Learn to forgive others and yourself above all. This is also a hard one. Again we usually find learning to forgive others easier than forgiving ourselves. Once again, if we can forgive others, why not ourselves? I discovered I blamed myself for many things which happened in my childhood. Decisions which were made about my future which I had no control over. The fact that I was a child at the time didn't seem to figure into the equation. I say again, I was a CHILD. How on earth could I have had control over decisions which I could not possibly have made for myself? Either from a legal perspective or just the fact that as a mere child I did not have the experience or the mental faculties yet to make these decisions for myself, therefore I have no choice - I simply must forgive that child for being a CHILD! This is just one example. We all need to be gentler on ourselves, no one can look after us the way we could, if we took the time and care to do so, but you know what?


    That leads me neatly to the next point. It is easier to give advice and help to others than it is to look after ourselves. Many of us find it rewarding and easy to give up great chunks of ourselves to others, to help them, to support them. Don't get me wrong, it's wonderful to help others, it's just that sometimes we need to just look at who is helping us? We cannot give, give, give all the time. Sometimes we need to take too. We need to take comfort, support, help and assistance, from ourselves and from others. If you're anything like me you'll find it almost impossible to ask for help. I'm getting better at this one, and, in some ways it can be rewarding too, if you look at it from the view that by asking for help you are giving someone else the opportunity to feel good by helping you too! (Is it crazy to fool yourself into a good thing? Hell, no!)


    As soon as you start being more sympathetic to yourself, you'll find it easier to be more sympathetic to others around you too. You'll find you had more patience than you realised. You should find that your temper takes longer to rear it's head too. Life, in short, will become a little easier.


    I'm still looking for the manual too. If you find one, please let me know. Hopefully this is at least a useful handout. I would remind you that I'm not a doctor, a psychologist, or any sort of professional in the human condition. I am simply one woman looking for some answers and hoping that what I discover along the way might be useful to others too.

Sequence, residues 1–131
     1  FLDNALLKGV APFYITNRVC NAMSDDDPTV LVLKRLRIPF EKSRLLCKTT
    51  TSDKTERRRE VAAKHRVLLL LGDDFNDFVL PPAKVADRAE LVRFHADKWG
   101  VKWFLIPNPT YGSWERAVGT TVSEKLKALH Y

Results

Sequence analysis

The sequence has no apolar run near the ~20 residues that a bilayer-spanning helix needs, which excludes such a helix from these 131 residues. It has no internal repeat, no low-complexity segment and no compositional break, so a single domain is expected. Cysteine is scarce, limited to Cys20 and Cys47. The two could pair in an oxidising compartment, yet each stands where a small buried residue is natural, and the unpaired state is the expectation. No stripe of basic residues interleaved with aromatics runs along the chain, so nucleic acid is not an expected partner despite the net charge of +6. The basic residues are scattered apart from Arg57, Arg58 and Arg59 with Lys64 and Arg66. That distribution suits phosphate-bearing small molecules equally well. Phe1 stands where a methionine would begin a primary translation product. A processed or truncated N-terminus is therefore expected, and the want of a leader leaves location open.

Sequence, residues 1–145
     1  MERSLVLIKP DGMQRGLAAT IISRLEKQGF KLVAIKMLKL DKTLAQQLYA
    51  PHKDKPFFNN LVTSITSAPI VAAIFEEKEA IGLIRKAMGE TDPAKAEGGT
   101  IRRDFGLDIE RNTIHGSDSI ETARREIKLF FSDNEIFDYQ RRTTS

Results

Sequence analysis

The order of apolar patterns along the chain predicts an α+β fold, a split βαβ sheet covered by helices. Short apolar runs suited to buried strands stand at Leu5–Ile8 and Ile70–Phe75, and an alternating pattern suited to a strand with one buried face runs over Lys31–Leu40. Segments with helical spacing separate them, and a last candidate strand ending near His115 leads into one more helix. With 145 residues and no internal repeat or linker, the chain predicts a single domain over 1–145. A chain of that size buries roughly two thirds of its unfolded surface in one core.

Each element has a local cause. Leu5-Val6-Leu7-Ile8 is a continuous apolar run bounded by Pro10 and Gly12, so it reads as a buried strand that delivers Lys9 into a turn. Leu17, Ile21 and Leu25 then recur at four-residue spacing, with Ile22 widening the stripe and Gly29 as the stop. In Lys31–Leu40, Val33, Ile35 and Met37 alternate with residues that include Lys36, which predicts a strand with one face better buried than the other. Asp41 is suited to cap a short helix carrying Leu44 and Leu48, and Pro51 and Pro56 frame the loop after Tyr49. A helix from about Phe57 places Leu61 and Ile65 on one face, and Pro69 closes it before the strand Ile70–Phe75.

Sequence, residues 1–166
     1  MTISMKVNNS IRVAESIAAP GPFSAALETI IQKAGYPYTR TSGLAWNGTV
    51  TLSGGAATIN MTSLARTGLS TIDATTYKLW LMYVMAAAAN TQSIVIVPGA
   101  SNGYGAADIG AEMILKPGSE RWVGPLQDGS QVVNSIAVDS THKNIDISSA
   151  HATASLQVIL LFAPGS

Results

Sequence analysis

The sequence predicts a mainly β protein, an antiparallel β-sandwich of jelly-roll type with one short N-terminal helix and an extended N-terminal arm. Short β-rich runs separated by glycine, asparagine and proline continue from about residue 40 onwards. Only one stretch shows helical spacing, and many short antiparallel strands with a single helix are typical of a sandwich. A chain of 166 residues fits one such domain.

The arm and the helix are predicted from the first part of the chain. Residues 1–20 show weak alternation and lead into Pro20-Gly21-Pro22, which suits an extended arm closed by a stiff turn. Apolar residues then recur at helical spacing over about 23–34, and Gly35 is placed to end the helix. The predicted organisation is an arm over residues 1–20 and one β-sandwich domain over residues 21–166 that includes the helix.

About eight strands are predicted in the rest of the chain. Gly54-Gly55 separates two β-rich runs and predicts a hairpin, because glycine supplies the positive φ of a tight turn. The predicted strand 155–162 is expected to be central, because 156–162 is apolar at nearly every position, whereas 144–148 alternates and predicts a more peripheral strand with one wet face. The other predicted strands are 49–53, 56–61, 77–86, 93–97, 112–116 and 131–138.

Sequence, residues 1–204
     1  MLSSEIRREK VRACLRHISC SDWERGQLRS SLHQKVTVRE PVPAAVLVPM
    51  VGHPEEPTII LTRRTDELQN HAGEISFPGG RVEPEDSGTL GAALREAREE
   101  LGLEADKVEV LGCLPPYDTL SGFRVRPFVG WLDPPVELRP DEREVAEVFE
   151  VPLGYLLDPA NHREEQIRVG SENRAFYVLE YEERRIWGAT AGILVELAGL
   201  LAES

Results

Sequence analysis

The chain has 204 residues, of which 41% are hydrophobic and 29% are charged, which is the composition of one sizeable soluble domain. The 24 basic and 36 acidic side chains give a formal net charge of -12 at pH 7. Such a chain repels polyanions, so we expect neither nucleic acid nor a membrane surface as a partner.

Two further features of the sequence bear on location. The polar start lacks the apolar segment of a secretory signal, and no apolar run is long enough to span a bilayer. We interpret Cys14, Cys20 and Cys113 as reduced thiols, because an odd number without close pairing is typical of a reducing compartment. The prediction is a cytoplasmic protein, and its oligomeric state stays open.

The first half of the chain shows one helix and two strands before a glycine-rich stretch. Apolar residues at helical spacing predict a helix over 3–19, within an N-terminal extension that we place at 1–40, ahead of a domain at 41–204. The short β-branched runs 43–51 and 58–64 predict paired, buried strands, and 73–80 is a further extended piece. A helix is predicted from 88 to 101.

Another pearl from my chest is this - Life is to be enjoyed, not just endured. Someone else said that, but I saw it once and it struck a chord with me. I used it on my signature on several forums for a while. During one of my darkest stages it came back to me and like a light bulb in the dark it dawned on me that I was (at that time) only enduring. It was a turning point for me. When you stop enjoying life YOU need to make some choices, some changes, until you can once again smile at yourself and know you're having fun (maybe not every day, but over all).


    Good luck on your journey, life is an adventure just waiting for you. It's the most important journey you'll ever make - make the most of it. Be the best YOU that you can be. Relish it, enjoy it, love it, live it.



    Suggested reading material if you're interested enough:


    The Compassionate Mind by Paul Gilbert

    - the first part is very scientific and can be hard to stick with. Do stick with it - it's worth it. Also includes lots of exercises to help you communicate better with yourself. Personally I found the first half of the book more useful (once I got over the scientific stuff!)


    Why Mars & Venus Collide by John Gray 

    - Yes it's from the same stable as Men are from Mars & Women are from Venus, however it is infinitely more useful. I defy you not to identify with at least one of the usual scenarios in it. Again, you need to bear with the repetitive style and the Americanisms, but again, well worth the effort.


    Women Who Love Too Much by Robin Norwood

    Out of print, but easily found on the second hand market. Although this is written for and about women, many men will also be able to draw parallels with the messages within.


    If Love is a Game, these are the Rules by Cherie Carter-Scott

    Slightly more condensed and light hearted, this is perhaps the easiest reading, with good messages in how to help yourself to be happier within your relationships.


    Families & how to survive them by John Cleese & Robyn Skinner

    Life & how to survive it by John Cleese & Robyn Skinner

    Both of these are out of print now but easily available on the second hand market. "Families" is a great insight into child development and I would say fantastic reading for new parents who want to avoid common but damaging mistakes. From a personal perspective these two are not first stop reading but should come later, once you are already on the road to understanding yourself better.


    For buying second hand books I recommend abebooks.co.uk or ebay, but check prices on abe before going to ebay!


    Copyright 2003 by Girlie_Biker.  All rights reserved.
    Revised: 07 Jul 2012 11:45:24 +0100 .